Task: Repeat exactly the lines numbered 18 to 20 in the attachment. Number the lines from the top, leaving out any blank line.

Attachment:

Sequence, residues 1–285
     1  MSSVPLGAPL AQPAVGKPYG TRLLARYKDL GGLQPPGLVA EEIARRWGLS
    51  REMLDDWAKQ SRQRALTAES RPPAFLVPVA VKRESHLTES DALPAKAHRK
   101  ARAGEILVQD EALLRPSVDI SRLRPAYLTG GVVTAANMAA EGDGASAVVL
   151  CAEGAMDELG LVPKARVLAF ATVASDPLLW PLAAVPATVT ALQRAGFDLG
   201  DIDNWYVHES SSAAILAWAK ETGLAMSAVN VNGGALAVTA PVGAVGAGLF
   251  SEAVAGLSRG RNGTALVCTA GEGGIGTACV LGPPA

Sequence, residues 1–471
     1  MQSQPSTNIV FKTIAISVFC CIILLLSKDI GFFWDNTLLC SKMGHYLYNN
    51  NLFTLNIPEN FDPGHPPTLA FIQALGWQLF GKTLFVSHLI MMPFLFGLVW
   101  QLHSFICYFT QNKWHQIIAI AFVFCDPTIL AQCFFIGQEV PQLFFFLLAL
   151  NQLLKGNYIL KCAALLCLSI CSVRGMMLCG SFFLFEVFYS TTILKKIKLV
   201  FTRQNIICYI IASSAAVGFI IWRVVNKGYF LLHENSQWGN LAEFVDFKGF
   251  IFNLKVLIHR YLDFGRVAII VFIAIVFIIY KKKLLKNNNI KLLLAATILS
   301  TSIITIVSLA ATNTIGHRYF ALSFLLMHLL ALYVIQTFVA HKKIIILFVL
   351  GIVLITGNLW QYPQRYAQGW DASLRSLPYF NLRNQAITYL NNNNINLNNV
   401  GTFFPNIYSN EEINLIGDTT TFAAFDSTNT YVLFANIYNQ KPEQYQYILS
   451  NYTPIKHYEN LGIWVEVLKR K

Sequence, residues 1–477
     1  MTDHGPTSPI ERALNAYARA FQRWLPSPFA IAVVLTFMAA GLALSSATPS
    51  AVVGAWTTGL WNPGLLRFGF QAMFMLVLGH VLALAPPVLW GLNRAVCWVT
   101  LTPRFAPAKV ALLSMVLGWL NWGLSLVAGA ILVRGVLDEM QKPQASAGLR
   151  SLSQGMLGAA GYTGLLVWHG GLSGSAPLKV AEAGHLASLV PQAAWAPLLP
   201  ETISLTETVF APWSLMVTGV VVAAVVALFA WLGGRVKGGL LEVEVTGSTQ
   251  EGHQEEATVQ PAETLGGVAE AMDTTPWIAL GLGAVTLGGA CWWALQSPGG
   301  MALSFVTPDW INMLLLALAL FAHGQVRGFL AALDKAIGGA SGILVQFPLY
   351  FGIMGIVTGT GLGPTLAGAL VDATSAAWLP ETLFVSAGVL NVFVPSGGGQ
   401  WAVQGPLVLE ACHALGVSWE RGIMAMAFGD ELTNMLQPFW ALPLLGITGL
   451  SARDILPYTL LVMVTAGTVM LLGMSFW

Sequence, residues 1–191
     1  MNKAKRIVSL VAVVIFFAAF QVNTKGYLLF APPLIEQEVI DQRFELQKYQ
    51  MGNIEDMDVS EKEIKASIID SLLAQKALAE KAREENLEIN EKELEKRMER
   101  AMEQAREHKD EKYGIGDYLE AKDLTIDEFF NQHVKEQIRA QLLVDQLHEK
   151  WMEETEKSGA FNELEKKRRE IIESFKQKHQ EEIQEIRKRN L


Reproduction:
   451  NYTPIKHYEN LGIWVEVLKR K

Sequence, residues 1–477
     1  MTDHGPTSPI ERALNAYARA FQRWLPSPFA IAVVLTFMAA GLALSSATPS